Tentatively, Gram reached for the box again and lifted each medal to examine. “The Purple Heart – wounded in service,” she reached for another. “The bronze star for heroic actions,” she placed it carefully back in the box and picked up another. “This was given for service in Vietnam,” she sighed and placed the green and white ribboned medal back in the box before picking up another. Softly, she brought the medal to her lips and kissed it. “POW,” a tear slid down her face.

“Gram, whose medals are these?”

“Ah, dear. So long ago. But his memory is as bright in my mind as these ribbons are today. His name was Tom. We were in love, you see, and were to marry when he returned from Vietnam.”

“He didn’t make it back?”

 “He made it back, Marcie. I was so happy the day he returned. I was a young woman ready to start planning a spring wedding. He tried, he really tried, but it was not to be.”

“What happened to him, Gram? What happened to Tom?”

“You have to understand, Marcie. It was hard back then. People spat at soldiers who had seen their buddies killed next to them in battle. People marched in the streets and burned the flag Tom and his friends fought for. It was too much for him. He couldn’t understand, and he couldn’t adjust. I have always thought he brought the war home with him from Vietnam. He might have been freed from the POW camp, but he had merely escaped to a prison without walls.”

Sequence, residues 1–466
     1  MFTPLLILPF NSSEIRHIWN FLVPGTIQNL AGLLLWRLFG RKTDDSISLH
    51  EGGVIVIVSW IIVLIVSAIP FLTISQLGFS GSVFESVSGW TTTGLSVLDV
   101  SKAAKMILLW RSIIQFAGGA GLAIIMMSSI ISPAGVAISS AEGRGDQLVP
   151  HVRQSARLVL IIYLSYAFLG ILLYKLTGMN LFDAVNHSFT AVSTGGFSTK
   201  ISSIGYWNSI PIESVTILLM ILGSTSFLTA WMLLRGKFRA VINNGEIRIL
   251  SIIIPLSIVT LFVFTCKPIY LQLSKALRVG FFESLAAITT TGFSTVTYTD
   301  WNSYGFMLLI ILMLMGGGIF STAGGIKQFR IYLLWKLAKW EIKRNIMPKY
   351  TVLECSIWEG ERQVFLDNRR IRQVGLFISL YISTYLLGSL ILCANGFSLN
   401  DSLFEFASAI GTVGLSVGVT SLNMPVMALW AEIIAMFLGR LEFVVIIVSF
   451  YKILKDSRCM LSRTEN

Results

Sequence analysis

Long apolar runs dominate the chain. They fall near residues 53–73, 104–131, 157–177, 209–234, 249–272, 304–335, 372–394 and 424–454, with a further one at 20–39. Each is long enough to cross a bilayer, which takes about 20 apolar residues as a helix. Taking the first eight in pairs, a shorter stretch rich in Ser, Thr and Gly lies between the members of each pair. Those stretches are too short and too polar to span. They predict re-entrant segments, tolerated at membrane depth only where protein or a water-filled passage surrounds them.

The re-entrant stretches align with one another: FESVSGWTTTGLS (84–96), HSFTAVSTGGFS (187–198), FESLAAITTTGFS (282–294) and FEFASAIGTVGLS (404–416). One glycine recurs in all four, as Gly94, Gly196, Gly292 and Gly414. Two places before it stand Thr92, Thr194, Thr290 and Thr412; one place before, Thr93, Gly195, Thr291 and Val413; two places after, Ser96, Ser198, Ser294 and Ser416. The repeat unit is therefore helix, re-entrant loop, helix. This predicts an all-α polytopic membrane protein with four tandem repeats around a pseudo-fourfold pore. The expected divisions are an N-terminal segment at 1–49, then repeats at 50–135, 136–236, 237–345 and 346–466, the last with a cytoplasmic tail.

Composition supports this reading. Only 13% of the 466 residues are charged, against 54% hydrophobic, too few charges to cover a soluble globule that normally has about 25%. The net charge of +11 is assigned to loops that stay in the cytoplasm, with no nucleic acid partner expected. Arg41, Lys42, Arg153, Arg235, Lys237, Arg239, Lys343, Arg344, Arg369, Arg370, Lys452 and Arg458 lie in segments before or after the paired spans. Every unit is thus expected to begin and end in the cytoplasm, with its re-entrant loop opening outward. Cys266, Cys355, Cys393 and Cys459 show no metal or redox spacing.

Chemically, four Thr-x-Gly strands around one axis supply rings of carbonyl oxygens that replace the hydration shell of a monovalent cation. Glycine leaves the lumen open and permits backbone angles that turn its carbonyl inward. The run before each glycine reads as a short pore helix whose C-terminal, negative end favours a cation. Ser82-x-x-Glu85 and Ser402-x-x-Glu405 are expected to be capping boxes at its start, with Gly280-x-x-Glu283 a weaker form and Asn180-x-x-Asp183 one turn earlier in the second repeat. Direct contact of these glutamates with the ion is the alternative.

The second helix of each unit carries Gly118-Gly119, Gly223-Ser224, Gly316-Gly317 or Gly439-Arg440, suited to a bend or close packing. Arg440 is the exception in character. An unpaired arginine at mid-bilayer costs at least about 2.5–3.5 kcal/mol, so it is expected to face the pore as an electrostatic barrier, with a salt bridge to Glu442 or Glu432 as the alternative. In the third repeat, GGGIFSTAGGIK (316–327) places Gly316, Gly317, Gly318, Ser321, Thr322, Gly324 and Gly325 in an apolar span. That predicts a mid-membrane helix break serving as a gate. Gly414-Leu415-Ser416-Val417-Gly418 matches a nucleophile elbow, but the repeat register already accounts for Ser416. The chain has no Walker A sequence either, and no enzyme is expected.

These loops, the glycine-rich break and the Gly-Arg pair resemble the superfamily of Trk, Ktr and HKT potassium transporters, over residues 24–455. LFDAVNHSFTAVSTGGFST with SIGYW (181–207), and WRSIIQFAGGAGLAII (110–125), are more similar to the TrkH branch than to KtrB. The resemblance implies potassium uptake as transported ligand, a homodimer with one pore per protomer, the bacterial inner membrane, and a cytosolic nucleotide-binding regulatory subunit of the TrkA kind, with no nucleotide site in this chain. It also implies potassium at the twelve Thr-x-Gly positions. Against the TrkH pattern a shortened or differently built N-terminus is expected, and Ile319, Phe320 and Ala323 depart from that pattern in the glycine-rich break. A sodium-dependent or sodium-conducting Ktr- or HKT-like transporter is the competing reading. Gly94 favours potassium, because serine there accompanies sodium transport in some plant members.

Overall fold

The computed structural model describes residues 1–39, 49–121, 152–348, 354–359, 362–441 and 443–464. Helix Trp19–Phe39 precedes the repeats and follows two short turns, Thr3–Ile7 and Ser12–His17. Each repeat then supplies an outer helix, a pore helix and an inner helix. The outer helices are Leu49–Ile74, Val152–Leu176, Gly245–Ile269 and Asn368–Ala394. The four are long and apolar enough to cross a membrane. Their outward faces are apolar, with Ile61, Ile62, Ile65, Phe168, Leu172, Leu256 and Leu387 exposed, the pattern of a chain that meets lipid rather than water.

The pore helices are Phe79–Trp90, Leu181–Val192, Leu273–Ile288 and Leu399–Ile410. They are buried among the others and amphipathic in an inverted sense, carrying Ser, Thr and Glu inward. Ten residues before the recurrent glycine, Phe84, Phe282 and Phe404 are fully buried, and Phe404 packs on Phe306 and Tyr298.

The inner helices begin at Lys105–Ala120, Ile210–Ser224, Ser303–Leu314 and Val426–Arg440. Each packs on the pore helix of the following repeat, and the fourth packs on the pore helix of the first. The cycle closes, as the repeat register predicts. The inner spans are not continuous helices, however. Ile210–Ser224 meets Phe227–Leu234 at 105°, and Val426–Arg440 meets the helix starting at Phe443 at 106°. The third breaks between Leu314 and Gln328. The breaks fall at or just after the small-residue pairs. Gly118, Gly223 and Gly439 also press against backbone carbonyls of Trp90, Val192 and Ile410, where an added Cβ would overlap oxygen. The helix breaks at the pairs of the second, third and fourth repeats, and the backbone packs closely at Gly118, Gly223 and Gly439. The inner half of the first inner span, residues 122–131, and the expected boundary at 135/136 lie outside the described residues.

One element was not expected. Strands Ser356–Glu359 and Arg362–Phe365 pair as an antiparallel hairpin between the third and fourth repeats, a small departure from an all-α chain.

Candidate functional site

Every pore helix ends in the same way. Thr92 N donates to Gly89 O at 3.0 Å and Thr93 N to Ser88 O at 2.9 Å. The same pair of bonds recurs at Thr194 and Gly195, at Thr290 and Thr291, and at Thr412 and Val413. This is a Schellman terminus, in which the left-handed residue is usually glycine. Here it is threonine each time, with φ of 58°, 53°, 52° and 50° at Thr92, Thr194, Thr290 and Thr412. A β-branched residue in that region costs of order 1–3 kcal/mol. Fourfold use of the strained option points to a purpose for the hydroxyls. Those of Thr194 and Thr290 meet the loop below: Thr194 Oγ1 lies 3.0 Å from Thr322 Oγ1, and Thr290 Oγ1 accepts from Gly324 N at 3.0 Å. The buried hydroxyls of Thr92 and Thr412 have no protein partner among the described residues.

“But you were going to get married…” Marcie stopped, not wanting to add to the pain she already saw on her grandmother’s face.

“Yes. That’s what I wanted more than anything, but one day a few months before our wedding date, Tom simply disappeared. I found this box with these medals and a short note on my doorstep one morning. I kept the note in my Bible for years, but it’s gone now - like him.”

“What did the note say, Gram?”

“I can remember every word of it. It said ‘I’ll always love you, but it wouldn’t be fair to marry you. You see, my beloved Marcianna, my soul is dead. I can’t give you the life you deserve because there is no more life in me. I am lost somewhere in these ribbons and medals. Keep these to remember me.”

“Where did he go, Gram? What happened to him?”

“No one knows. The Army had no record of him re-enlisting. We checked off and on for a number of years, but his Social Security number was never used to apply for a job or for veterans benefits. He just vanished. After a while, I decided I must bury him – figuratively, of course. By then, I had met your Pops, and because I knew how much Pops loved me, I realized I had to put Tom’s memory away. If I didn’t, I would have no future. On Veteran’s Day, 1974, I buried this box and my hopes of a life with Tom,” she shook her head sadly, then assured Marcie, “but I had a happy life with your Pops. A wonderful life. But I needed to tell someone about Tom. I chose you, Marcie,” she smiled and patted my hand, “my namesake, to share my story with. Finally, after all this time, I needed to see these again - to remember Tom, not sadly but with love again.” Gently, Gram placed the medals back in the box.

She continued, “I especially wanted you to plant the bulbs today, Marcie, because today is Veteran’s Day. This spring, the daffodils will be as bright and as yellow as the sunshine, alive and joyful. They’ll bloom every year, a perpetual reminder to anyone who sees them that there can be life after the dead of winter.”

The End

August 18, 2020 15:18